Two Point Hospital Review
We finally have a true successor to Theme Hospital but is it any good? Alexandra takes a look at this reimagining of a classic in our Two Point Hospital review.
As a child, I was always of a fan of simulation games, with the Sims, Theme Park and Theme Hospital being some of my favourites. When I learned that some of the creators of the original Theme Hospital were working on a new Theme Hospital-esque game my attention was piqued.
As obvious as it sounds, the main point of Two Point Hospital is to run a hospital. This involves creating rooms, hiring staff and managing your costs. In Two Point Hospital, you are given a myriad of hospitals to run and once you have the basics down you are given objectives to fulfil in order to build your hospital up to a three-star level. In order to unlock a new hospital you only have to achieve a one-star rating, but if you want to stay on then this allows you more time with each hospital. Each hospital also has a specific locale that will directly impact on its associated objectives. This three-star system is something that differs from Theme Hospital but I thought it was really good as it allows you to track your progress at the hospital, whereas in Theme Hospital sometimes it felt unclear as to why you failing a level but this new system makes it clearer.
You can also complete extra tasks during your running of each hospital, which comes from different places; you can get them from staff who will give you challenges to complete in a number of days, emergency patients who you have to cure in a number of days and you can even compete in challenges against your friends’ hospitals. From these, you can earn Kudosh – known as K – an extra currency that will allow you to unlock different items for your hospitals, such as different benches for patients and different forms of entertainment for both patients and staff. These can be tough to achieve but are a nice little addition to the gameplay.
Whilst you go about the day-to-day running of the hospitals you also have to look after the needs of your staff and patients and, of course, your bank balance. Your staff and patients will need certain things to keep them happy, such as a nice temperature, available snacks/drinks and (arguably the most important) the use of a toilet. Something that was equally as important in Theme Hospital.
Your staff will also require a break room with things to entertain them and keep them happy on their break (these can be things like a TV, a punching bag or a bookcase to name a few). The downside of not providing what’s required is that staff will sometimes threaten to leave if they are unhappy, so things like training, pay rises and enough staff to cover breaks is good to bear in mind.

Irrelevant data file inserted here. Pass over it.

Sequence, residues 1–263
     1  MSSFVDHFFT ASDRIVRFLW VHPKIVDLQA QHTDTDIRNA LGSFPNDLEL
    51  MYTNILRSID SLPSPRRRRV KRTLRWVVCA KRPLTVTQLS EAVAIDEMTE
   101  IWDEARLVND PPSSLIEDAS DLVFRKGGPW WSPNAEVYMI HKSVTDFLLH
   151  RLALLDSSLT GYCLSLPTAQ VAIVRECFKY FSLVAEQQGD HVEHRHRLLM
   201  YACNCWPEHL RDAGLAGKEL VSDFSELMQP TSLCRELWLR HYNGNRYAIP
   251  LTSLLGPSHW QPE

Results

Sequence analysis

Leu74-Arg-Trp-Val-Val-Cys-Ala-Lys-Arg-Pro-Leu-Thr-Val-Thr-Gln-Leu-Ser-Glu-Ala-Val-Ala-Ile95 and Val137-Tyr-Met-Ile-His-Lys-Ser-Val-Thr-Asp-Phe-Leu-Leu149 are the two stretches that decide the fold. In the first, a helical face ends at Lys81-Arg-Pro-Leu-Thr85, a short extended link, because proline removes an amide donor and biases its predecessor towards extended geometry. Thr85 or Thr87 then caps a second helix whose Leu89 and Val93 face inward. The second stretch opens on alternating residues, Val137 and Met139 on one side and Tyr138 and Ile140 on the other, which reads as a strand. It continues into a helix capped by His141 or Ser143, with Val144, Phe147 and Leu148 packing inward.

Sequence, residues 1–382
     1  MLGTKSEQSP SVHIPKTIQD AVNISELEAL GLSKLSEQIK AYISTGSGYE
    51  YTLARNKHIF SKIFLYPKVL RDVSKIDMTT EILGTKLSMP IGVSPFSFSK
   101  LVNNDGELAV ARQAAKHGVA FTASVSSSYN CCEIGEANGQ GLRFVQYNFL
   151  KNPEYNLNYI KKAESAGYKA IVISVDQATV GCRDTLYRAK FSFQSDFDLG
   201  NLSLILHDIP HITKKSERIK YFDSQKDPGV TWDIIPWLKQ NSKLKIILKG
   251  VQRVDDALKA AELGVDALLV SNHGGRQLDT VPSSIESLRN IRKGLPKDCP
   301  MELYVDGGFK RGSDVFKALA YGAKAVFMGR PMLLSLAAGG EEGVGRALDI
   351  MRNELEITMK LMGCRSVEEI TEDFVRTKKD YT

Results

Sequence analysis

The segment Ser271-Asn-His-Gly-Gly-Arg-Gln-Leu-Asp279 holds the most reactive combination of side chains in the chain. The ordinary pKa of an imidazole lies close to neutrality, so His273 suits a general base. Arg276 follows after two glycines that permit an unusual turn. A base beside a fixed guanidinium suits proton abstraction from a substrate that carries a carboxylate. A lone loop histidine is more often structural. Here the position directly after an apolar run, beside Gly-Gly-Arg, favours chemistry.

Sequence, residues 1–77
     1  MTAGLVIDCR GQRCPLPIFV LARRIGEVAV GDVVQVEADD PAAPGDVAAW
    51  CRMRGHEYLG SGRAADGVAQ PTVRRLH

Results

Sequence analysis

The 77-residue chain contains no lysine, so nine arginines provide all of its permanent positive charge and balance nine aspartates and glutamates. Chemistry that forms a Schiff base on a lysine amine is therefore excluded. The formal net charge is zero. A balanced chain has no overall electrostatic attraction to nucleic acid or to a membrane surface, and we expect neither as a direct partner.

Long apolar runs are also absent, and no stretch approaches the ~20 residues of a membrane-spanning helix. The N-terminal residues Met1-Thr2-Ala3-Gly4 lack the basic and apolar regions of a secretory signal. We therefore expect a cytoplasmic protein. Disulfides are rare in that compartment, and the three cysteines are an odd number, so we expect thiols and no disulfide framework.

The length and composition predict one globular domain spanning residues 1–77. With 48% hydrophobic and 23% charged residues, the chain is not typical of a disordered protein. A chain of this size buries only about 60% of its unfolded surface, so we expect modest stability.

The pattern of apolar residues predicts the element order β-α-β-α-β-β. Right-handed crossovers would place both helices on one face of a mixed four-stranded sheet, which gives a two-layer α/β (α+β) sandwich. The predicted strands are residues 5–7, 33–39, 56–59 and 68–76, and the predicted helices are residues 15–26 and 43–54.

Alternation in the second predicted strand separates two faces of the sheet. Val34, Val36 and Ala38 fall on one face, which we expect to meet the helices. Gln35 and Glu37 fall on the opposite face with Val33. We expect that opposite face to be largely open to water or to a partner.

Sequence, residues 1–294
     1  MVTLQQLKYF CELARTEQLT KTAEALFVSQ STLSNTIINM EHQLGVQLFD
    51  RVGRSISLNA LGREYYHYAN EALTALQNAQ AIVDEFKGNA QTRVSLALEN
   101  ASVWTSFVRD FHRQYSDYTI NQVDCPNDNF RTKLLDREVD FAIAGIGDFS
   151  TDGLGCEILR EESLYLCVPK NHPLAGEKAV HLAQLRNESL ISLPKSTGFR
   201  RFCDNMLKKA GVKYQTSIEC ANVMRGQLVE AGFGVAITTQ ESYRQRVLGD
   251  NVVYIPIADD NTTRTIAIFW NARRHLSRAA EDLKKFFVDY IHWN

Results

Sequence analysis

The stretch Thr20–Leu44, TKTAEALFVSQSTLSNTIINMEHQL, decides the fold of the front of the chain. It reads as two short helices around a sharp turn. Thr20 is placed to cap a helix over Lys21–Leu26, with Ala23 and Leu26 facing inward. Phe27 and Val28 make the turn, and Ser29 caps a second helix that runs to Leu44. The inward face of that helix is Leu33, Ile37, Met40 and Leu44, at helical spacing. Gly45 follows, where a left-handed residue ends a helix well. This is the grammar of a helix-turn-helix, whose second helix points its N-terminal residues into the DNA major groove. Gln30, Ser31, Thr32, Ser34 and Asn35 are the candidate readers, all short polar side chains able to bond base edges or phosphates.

Your patients will become unhappy if the environment is unclean so bins and janitors are essential, they will also become bored, so forms of entertainment are important to make sure that your patients are happy during their stay. One thing to beware of with patients is that they will not pay their costs if they feel the price is too high or if they are unhappy – causing you with a shortfall in your balance.
To earn money to pay your staff and build new rooms it is essential to keep your patients happy and your hospital spic and span. VIP visits will earn you reputation and K and it’s the former that will bring patients to your doors and ultimately, money to your hospital. You earn money through the treatment of your patients and through the various snacks, drinks and forms on entertainment available. If your prices are too high people will complain and this directly affects your reputation.
Every year your hospital is open there is an awards ceremony, unlike Theme Hospital where this would often mean you have doomed your hospital or done enough to move on, this is a chance to see the areas of your hospital that are doing well. Awards range from Doctor of the Year to Best Teaching Hospital. Here you can also see how you fare against other hospitals and what your patients think.
Graphically this is not a game that goes too deep but what you do have is great, you can differentiate between the different illnesses of your patients easily and you can see which employee does what just by looks. This is fine and serves its purpose well and although it would be nice if everyone in the hospital was different, I think this would take away from the charm of the game. Its style and manner appeals in the right way and really adds to Two Point Hosptial’s atmosphere and overall feel.
With Two Point Hospital, you can definitely see the inspirations taken from Theme Hospital and although we don’t have bloaty heads or a slack tongue clinic, you can still get the same vibes. The graphics and the way that you move between hospitals (And can go back and forth between them) is a vast improvement on Theme Hospital. The game starts you off at a nice and steady pace before hitting you with too much, giving the game a nice balance with a great nostalgia hit.
Two Point Hospital Review Conclusion
Two Point Hospital is a strong (and long awaited) follow-up to Theme Hospital. It allows you to live the nostalgia of the old games whilst still feeling fresh and modern when compared to games of today.
We purchased Two Point Hospital from Steam and it’s available now, exclusively, on PC.
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